Further analysis of kingdom Protista has suggested the need for restructuring phylogenic classification. Genetic and morphological research has led to subdividing the Protista kingdom into numerous separate kingdoms, each with its own lineage of protist. In truth, the classification of the protists remains in flux. This chapter provides descriptions of representative members of the Protista group and their roles in our lives and the environment, using the still-accepted kingdom and phyla nomenclature.
Members of the kingdom Protista are a highly varied group of organisms, all of which are eukaryotic. In addition, protists are unicellular or, in some cases, colonial. Many species are autotrophs, creating their own food, while others are heterotrophs, feeding on organic matter. Many species are nonmotile, but the majority of protists are able to move by various means. Many protists have contractile vacuoles, which help them to remove excessive amounts of water from their cytoplasm. The kingdom Protista includes the protozoa, slime molds, and algae.
Protozoa can be divided into four phyla based on their locomotion: Mastigophora, Sarcodina, Ciliophora, and Sporozoa.
Members of the phylum Mastigophora move about by using one or more whiplike flagella. The genus Euglena contains flagellated species. Members are freshwater protists with typical eukaryotic properties, including two flagella, reproduction by mitosis, and flexible nutritional requirements. Euglena species also possess chlorophyll within chloroplasts. This pigment allows the organisms to synthesize organic compounds in the presence of sunlight. When no sunlight is available, the organism feeds on dead organic matter in the surrounding environment. Thus, the organism is autotrophic and heterotrophic. Some biologists consider Euglena to be the basic stock of evolution for both animals and plants.
Certain species of Mastigophora are zooflagellates, while some are phytoflagellates. The zooflagellates live within the bodies of animals and are typified by the wood-digesting flagellates in the intestines of termites. Among the pathogenic zooflagellates are those that cause sleeping sickness, trichomoniasis, and giardiasis. The phytoflagellates have photosynthetic abilities and are often discussed with algae in textbooks.
Some species of Mastigophora organize themselves into colonies. Members of the genus Volvox are typical colonial forms. The cell colonies are not differentiated into tissues or organs, but the colonies show how a preliminary step in evolutionary development might have occurred.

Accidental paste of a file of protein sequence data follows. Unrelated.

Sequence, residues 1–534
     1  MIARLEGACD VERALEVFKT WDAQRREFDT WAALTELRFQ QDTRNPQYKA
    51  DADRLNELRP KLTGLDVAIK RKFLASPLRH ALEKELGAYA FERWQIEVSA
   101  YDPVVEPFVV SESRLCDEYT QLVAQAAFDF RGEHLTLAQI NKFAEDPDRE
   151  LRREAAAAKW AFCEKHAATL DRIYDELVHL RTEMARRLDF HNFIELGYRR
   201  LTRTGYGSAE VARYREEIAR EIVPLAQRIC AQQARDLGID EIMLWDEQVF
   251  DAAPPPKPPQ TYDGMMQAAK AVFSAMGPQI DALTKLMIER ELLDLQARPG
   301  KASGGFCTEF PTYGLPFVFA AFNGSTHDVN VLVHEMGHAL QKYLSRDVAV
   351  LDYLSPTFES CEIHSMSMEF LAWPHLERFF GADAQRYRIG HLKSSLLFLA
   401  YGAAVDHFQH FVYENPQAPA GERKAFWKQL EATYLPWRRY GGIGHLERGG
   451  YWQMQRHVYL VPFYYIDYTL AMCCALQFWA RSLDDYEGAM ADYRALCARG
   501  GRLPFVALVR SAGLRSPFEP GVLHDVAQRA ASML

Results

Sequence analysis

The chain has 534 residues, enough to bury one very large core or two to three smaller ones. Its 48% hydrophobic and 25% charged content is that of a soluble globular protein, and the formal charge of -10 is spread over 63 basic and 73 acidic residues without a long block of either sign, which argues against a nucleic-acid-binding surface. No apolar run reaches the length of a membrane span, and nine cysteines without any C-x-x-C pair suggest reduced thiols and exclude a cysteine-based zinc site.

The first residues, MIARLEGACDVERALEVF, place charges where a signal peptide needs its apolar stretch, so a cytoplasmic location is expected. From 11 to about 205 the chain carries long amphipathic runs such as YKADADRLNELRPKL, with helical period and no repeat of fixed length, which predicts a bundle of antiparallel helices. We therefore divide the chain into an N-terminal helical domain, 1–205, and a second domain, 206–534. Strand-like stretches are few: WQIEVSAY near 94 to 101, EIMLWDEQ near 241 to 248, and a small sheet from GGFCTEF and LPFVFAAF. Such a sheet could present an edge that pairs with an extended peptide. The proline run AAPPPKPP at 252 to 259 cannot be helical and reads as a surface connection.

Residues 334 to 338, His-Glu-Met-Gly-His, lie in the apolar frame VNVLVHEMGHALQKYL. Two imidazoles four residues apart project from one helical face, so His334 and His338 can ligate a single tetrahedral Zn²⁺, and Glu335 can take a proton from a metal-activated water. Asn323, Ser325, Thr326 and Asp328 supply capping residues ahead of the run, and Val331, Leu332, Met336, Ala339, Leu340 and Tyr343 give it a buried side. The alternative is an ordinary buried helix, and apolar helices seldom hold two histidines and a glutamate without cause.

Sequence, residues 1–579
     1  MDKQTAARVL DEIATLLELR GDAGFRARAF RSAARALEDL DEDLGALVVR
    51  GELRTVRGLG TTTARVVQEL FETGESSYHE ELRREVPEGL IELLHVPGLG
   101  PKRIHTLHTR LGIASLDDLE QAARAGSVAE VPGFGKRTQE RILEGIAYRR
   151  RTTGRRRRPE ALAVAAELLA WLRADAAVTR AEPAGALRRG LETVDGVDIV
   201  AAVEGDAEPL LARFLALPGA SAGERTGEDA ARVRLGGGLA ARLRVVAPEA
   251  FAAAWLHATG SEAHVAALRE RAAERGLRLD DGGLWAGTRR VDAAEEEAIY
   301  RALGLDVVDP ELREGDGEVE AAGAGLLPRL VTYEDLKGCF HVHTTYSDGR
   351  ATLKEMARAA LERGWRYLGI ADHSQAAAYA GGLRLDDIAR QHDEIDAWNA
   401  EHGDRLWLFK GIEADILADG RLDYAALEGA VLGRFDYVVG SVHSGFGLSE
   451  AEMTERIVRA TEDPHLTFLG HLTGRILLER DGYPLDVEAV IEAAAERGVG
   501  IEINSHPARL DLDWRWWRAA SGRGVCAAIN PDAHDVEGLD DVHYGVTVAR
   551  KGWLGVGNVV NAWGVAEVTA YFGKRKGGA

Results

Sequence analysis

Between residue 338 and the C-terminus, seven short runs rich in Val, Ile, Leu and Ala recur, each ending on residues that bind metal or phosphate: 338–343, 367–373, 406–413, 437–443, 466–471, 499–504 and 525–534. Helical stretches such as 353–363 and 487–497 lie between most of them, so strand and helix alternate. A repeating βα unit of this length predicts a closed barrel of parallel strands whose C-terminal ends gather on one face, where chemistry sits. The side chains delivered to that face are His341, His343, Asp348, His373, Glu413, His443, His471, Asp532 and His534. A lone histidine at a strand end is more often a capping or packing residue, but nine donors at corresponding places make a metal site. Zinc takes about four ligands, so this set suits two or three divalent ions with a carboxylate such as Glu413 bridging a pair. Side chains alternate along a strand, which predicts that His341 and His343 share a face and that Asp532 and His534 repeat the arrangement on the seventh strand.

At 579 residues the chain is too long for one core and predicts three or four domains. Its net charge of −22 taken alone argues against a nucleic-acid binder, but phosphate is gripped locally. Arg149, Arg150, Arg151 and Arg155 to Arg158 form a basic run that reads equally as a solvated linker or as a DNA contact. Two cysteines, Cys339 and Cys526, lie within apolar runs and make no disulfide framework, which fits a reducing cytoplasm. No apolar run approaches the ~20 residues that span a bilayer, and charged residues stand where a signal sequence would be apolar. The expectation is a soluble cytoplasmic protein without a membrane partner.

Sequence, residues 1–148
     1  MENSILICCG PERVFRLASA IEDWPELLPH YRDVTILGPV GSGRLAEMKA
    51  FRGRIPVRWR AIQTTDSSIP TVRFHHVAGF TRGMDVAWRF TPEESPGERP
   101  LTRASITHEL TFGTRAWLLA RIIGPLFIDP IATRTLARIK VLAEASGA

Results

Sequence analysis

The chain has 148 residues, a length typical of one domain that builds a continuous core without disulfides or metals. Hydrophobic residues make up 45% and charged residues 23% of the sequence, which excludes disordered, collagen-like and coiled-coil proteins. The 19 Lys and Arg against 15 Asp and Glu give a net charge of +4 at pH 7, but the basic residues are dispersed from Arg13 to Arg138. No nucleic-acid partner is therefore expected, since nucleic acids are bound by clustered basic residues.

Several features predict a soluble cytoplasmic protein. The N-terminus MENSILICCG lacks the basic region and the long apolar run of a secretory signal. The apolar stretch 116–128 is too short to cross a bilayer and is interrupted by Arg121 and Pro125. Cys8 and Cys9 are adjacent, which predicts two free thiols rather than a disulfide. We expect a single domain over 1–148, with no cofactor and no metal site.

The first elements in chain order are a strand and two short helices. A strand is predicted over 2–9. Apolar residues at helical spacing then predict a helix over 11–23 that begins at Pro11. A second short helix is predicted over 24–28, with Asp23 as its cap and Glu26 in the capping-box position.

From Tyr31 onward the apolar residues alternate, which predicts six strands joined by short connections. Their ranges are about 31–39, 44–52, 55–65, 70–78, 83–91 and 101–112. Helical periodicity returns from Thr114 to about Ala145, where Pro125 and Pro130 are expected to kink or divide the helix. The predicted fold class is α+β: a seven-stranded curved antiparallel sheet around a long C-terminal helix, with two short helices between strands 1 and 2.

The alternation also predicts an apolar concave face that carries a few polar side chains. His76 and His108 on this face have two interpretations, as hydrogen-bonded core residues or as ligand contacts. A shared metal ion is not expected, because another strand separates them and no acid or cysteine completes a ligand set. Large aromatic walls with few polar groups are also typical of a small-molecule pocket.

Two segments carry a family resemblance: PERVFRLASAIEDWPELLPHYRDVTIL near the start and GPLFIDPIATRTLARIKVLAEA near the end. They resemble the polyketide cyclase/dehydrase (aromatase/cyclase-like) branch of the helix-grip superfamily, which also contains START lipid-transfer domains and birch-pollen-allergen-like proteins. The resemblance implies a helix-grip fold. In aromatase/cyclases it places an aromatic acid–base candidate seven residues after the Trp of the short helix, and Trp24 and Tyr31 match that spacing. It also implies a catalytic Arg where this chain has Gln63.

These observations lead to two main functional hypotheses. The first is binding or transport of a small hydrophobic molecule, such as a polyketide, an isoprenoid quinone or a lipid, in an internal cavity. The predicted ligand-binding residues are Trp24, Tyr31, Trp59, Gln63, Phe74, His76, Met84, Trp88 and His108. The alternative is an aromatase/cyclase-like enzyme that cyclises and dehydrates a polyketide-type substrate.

Members of the phylum Sarcodina are the amoebas and their relatives. Amoebas consist of a single cell without a definite shape. They feed on small organisms and particles of organic matter, and they engulf the particles by phagocytosis. Extensions of the cytoplasm called pseudopodia (the singular is pseudopodium) assist phagocytosis and motion in the organisms.
Amoebas are found in most lakes, ponds, and other bodies of freshwater. They move by a creeping form of locomotion called amoeboid motion. One amoeba called Entamoeba histolytica causes a type of dysentery in humans.
Two interesting amoebas are the foraminiferans and the radiolarians. Both are marine amoebas that secrete shells. Their shells have been identified as markers for oil deposits because both were present in the ocean communities that became the organic deposits that, under pressure, became oil fields.
Members of the phylum Ciliophora move by means of cilia. The organisms are all heterotrophic and have specialized organelles in their cytoplasm. For example, they have two nuclei: a large macronucleus and a number of smaller micronuclei. The micronuclei carry the genetic information of the cell.
The ciliate Paramecium typifies the phylum Ciliophora. This organism has a slipper-shaped body with a covering called a pellicle. Defensive organelles called trichocysts are present in the pellicle. The organism reproduces by mitosis and by an elaborate form of sexual behavior called conjugation, which occurs when two Paramecium join to one another in the oral region and exchange nuclear material. The cilia of Paramecium provide a precise form of motion not provided by flagella or pseudopodia. The cilia can propel the Paramecium either forward or backward and move it in a spiral manner.
Members of the phylum Sporozoa are exclusively parasites. They are so named because some members produce sporelike bodies. Often they have an amoeboid body form, but they are not related to the Sarcodina.
Sporozoans are parasitic organisms with complex life cycles involving several stages. One of the best-known members of the group is the Plasmodium species, which are the agents of malaria. The organisms spend portions of their life cycle within mosquitoes. After being injected into the human bloodstream by the mosquito, the parasites invade the red blood cells, undergo numerous changes, and emerge from the red blood cells, destroying them. The infected human experiences a malaria attack soon after.
Another important member of the Sporozoa group is Toxoplasma gondii, which causes toxoplasmosis, a disease of the white blood cells. Toxoplasmosis is normally not a dangerous disease, but pregnant women can pass it to their fetuses, where it can cause tissue damage. Also, people who are immunocompromised are susceptible to severe cases of toxoplasmosis.
Two other important pathogens of the Sporozoa group are Cryptosporidium coccidi and Pneumocystis carinii. Both of these organisms cause severe opportunistic disease in immunocompromised patients. The first causes a severe intestinal diarrhea that is accompanied by the loss of substantial volumes of water; the second causes a type of pneumonia.